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6

We have an answer for Shuttle, and an answer for ISS. Here is the answer for Apollo. The main strategy was to prevent sweating in the first place. The astronauts wore a Liquid Cooling Ventilation Garment (LCVG), which was essentially long underwear with closed tubes that circulated cooling water. Heat was discarded through the sublimator on the suit's ...


2

Airborne dust was observed, which caused great concern among the crew and medical personnel. However, actual post-flight respiratory results were normal. The Apollo Program Summary Report describes dust problems and their mitigation: A troublesome and ever-present problem that was corrected only partly during lunar surface missions was that of dust, On ...


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I'm sure there are different techniques for different space suits, but here's an example of how it is done for the ISS suits: The key to handling body heat and sweat is the Liquid Ventilation Garment, or LVC. This is essentially what looks like a full body thermal underwear, but it is lined with tubes that pass water through them. If you heat up, cold ...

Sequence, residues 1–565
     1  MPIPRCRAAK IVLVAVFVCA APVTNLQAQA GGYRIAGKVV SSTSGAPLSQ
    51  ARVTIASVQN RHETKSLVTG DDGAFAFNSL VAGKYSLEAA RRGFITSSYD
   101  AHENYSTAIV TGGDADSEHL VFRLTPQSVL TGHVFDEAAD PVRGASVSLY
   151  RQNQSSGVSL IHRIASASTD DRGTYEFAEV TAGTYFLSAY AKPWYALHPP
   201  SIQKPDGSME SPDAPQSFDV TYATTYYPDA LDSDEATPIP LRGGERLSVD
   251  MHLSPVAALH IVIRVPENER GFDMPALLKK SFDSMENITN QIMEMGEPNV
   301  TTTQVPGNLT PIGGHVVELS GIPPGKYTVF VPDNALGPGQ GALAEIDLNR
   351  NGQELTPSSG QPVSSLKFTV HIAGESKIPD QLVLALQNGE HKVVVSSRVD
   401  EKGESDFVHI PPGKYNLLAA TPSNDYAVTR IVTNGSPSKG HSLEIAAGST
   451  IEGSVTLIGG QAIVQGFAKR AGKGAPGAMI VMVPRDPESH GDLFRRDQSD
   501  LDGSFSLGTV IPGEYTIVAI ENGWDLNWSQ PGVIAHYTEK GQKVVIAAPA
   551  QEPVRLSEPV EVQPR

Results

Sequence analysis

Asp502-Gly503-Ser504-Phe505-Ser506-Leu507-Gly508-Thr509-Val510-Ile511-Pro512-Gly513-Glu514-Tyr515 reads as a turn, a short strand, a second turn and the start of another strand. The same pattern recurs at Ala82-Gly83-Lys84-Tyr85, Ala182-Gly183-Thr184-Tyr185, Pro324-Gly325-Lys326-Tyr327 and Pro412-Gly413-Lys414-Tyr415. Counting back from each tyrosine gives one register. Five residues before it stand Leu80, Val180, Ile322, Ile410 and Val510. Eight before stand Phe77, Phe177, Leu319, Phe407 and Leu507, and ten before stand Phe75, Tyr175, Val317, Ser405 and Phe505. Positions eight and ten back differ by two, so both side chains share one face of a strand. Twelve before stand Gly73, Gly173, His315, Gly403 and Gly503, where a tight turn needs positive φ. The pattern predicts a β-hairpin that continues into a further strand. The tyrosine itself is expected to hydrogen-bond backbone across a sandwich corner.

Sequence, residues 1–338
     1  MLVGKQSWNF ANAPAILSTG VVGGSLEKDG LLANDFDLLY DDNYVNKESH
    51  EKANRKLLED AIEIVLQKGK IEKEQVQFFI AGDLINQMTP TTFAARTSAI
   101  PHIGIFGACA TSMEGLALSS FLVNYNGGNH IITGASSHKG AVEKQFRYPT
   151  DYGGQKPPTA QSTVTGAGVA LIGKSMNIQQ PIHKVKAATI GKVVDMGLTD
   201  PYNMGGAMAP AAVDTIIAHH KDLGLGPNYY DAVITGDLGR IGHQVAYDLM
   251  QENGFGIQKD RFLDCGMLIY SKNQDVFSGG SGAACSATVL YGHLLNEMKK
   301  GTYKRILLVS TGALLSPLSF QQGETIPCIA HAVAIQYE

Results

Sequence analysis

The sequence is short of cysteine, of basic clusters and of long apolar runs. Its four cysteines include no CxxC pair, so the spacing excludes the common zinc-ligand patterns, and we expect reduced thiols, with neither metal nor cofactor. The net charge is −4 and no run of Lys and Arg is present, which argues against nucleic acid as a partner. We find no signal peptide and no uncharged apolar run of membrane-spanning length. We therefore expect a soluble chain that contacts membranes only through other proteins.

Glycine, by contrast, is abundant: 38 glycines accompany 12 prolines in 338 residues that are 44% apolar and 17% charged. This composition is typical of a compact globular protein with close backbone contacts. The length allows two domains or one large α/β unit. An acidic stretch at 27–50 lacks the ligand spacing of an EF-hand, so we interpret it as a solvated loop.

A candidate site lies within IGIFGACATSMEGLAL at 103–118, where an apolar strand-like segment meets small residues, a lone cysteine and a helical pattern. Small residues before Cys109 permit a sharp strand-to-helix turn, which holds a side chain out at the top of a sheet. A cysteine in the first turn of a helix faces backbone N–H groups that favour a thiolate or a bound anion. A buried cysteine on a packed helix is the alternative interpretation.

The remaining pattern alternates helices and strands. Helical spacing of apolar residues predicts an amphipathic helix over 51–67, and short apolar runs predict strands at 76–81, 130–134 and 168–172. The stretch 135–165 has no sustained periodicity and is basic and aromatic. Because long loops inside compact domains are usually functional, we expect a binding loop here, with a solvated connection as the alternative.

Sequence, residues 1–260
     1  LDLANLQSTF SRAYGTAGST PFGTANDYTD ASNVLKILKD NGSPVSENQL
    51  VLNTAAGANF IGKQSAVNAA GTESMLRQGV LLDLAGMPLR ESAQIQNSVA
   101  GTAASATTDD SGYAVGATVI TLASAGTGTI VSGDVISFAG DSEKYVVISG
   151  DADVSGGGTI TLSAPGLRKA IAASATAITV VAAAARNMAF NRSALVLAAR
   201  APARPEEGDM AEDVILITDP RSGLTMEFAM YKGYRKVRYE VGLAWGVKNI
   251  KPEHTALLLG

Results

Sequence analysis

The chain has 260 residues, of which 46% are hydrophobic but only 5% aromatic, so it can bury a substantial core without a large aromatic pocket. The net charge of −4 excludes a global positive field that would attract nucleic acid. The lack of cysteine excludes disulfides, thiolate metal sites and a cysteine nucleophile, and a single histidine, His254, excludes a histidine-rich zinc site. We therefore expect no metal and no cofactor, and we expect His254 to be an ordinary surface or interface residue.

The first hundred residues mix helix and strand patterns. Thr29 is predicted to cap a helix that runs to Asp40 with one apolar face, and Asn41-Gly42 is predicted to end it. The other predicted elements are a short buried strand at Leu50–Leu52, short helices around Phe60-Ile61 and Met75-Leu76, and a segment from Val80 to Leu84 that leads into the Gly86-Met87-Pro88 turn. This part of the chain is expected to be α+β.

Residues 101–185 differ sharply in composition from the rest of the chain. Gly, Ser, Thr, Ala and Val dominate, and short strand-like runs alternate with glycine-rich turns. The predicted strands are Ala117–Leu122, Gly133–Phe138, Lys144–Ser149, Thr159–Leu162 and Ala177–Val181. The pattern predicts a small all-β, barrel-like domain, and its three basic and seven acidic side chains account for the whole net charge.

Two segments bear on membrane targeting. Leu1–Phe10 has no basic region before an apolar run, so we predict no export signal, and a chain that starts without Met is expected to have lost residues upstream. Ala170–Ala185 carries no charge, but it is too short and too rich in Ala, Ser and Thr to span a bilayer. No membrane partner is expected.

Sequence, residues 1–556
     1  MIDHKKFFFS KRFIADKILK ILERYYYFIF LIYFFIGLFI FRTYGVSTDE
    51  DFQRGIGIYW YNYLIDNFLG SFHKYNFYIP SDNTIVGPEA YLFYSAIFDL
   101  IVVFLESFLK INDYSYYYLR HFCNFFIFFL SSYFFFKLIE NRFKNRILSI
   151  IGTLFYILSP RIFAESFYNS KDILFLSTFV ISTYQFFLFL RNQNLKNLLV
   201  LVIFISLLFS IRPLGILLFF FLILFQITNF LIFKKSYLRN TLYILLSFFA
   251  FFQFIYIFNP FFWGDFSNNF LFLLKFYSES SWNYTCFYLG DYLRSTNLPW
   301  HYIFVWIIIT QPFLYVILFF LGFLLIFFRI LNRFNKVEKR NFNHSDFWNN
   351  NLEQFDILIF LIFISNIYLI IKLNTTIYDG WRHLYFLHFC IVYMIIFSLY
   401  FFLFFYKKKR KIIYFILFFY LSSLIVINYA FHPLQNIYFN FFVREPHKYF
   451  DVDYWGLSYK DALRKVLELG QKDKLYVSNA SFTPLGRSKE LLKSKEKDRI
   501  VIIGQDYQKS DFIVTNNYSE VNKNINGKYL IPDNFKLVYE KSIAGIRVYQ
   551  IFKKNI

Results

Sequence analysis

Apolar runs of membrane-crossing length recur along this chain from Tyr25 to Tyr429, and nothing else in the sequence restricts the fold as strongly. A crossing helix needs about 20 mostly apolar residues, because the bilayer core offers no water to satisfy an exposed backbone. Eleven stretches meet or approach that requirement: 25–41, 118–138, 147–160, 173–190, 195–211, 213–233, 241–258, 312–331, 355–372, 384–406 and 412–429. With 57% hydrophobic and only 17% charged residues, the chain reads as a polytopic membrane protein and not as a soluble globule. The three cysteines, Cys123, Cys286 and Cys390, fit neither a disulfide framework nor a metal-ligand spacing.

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The shuttle (and ISS) EMU (Extravehicular Mobility Unit) has a condensing heat exchanger as part of its ventilation loop. The condensate is stored, used for cooling, and the excess is drained after each EVA (Extravehicular Activity). Reference: Shuttle Crew Operations Manual: https://www.nasa.gov/centers/johnson/pdf/...


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The potassium deficiency issues on the Apollo missions were at least to some degree due to exertion during the lunar EVAs. Despite the low gravity, the stiffness of pressurized spacesuits made what would otherwise be moderate activity more strenuous; the astronauts sweated off several pounds each according to Biomedical Results of Apollo: All Apollo ...


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